Experimental trio finds audience in NYC

Turtle Soup sounds like something unappetizing at first, but given the chance, it turns out to be quite tasty — like green eggs and ham.

It’s a befitting moniker for a band whose sonic experiments and bizarre instrumentation are not what you would expect from average college student musicians.

Turtle Soup is comprised of junior economics major Joe Moore, senior sociology major Eric Freda and their hometown friend Alex Minicozzi. Minicozzi, the band’s chief creative force, began writing music as a student at the New Jersey Institute of Technology (NJIT) with almost no traditional musical education.

Now the three are anticipating the release of their debut album, “E to the Eye Pie Equals One,” due out March 14 on the N.Y./N.J.-based independent record label Boathouse Records.

“This project has definitely manifested into something I could never have foreseen,” Minicozzi said. Minicozzi pieced together his unconventional songs using a multitrack recorder and a computer program that allowed him to sample different sounds.

While some songs feature lyrics, albeit the stream-of-consciousness variety, most are instrumentals with dense percussion and atmosphere galore.

For instance, the beginning of the song “Ely (Nevada),” with its whistle-imitating noises and vaguely Native-American ambiance would not be out of place in a spaghetti western film. According to Minicozzi, some songs even feature instruments that he created himself.

When Minicozzi received positive feedback on his music from fellow students at NJIT he shopped his material around to different indie labels. Eventually, he caught Boathouse Records’ eye.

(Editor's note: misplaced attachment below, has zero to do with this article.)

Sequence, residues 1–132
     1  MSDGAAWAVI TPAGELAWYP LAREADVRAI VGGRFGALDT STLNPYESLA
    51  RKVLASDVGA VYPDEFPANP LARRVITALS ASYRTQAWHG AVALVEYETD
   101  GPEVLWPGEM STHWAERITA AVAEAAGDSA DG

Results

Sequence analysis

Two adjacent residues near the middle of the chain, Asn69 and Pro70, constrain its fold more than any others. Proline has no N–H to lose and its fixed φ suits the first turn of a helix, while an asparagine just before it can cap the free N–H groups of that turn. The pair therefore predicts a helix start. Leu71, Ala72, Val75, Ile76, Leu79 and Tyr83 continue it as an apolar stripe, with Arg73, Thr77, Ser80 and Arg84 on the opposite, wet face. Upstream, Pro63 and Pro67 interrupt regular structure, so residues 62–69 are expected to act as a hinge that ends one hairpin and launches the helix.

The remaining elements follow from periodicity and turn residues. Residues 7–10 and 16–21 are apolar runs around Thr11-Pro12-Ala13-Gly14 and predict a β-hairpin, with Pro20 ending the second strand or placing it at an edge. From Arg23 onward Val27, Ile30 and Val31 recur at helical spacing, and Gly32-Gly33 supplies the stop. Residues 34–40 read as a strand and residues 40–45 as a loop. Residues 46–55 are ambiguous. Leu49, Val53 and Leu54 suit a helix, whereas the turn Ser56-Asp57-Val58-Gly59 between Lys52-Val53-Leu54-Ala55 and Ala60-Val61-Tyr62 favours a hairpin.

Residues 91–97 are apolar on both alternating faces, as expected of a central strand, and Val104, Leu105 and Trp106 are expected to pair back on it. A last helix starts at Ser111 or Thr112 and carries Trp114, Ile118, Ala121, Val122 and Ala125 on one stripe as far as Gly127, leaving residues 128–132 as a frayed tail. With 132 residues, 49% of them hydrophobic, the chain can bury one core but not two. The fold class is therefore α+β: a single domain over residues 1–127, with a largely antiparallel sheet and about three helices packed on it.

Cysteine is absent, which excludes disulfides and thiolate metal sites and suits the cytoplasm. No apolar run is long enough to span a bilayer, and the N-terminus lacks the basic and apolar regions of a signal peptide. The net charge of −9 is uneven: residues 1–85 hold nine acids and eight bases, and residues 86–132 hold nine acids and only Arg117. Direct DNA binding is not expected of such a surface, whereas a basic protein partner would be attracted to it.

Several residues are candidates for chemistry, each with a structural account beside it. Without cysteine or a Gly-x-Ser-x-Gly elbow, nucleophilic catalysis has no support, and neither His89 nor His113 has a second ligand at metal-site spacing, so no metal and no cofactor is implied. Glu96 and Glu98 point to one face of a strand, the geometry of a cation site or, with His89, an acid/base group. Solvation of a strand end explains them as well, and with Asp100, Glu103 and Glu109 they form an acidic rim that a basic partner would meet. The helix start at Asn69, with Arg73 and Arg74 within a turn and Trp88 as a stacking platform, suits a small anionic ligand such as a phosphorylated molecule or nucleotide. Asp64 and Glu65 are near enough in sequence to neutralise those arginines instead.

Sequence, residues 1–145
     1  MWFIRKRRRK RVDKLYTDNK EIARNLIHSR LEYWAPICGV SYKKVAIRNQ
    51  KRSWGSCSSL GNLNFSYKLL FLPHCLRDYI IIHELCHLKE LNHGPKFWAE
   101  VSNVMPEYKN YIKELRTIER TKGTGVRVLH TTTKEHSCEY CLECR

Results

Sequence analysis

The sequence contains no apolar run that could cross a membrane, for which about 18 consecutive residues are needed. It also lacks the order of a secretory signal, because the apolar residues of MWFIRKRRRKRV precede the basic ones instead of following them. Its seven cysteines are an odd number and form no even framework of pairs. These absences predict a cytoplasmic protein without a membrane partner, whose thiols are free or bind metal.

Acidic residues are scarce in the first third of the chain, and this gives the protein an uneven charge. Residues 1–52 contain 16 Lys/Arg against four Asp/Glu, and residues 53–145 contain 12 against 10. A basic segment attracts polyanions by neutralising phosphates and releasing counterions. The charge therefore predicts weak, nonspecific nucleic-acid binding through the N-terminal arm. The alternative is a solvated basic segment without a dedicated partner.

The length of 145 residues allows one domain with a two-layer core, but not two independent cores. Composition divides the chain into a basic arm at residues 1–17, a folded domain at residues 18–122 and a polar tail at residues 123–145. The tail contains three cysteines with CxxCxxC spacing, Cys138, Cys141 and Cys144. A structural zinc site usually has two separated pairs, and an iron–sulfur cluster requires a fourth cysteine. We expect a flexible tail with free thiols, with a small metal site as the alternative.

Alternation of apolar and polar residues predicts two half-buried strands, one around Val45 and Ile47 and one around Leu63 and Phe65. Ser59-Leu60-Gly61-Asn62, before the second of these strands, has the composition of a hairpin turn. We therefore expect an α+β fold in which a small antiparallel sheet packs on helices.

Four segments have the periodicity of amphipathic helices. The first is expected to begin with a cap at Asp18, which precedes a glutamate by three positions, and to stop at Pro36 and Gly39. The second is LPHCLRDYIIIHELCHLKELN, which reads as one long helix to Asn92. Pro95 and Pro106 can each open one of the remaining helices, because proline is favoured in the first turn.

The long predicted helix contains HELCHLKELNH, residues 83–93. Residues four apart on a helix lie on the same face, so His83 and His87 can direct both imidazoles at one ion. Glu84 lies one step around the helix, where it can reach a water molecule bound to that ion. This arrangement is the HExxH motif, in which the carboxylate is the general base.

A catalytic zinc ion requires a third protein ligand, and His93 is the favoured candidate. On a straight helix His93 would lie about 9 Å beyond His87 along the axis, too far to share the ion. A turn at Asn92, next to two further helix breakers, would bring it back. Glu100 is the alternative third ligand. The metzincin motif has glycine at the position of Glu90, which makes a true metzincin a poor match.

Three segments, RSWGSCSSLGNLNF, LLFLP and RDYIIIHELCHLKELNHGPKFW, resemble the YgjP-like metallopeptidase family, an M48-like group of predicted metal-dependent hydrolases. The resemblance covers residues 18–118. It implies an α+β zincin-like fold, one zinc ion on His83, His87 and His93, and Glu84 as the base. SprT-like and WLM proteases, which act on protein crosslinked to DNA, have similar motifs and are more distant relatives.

Boathouse agreed to release his album but suggested that Minicozzi put together a backing band and book some live shows to promote his music. Enter Moore and Freda.

Moore, a guitarist, and Freda, a bassist, began rehearsing with Minicozzi in their basement in December 2005. They describe the process of learning the Turtle Soup repertoire as like nothing they’ve ever done before.

“It was a free-for-all,” Freda said. “We didn’t know what instruments we were going to play until Alex told us.”

Although he’s neither a drummer nor a keyboardist, Moore has assumed both roles in Turtle Soup. He, like Freda, trusts Minicozzi’s decisions.”I would follow Alex to the ends of the earth,” Moore said, half joking.

Turtle Soup’s first show at the Riverside AMVETS (American Veterans) Hall in Hawthorne, N.J. was an eye-opening experience for the three musicians.

The experimental trio was out of place on a bill that consisted almost entirely of pop-punk and screamo bands.

The audience, mostly high school teens, just didn’t know what to make of them.

“You could tell they weren’t used to music outside their scope,” Freda said, “but the show was fun anyway.”

The band garnered more favorable audience responses at a series of three shows in New York City.

They were even lucky enough to secure a spot as the opening act for the burgeoning experimental group, Man Man, whose music they enjoy.

As of now, Turtle Soup has only one new show on the horizon, but it’s an important one. On March 15 at 9 p.m., the band will celebrate its record release with a concert at the Lit Lounge in New York City. Tickets are $6.

With Minicozzi’s penchant for the unpredictable and the absurd, the show is bound to be an interesting one. “We try to integrate something new into each show we play,” Minicozzi said.

For more information on Turtle Soup, visit the band’s MySpace page myspace.com/turtlesoupmusic.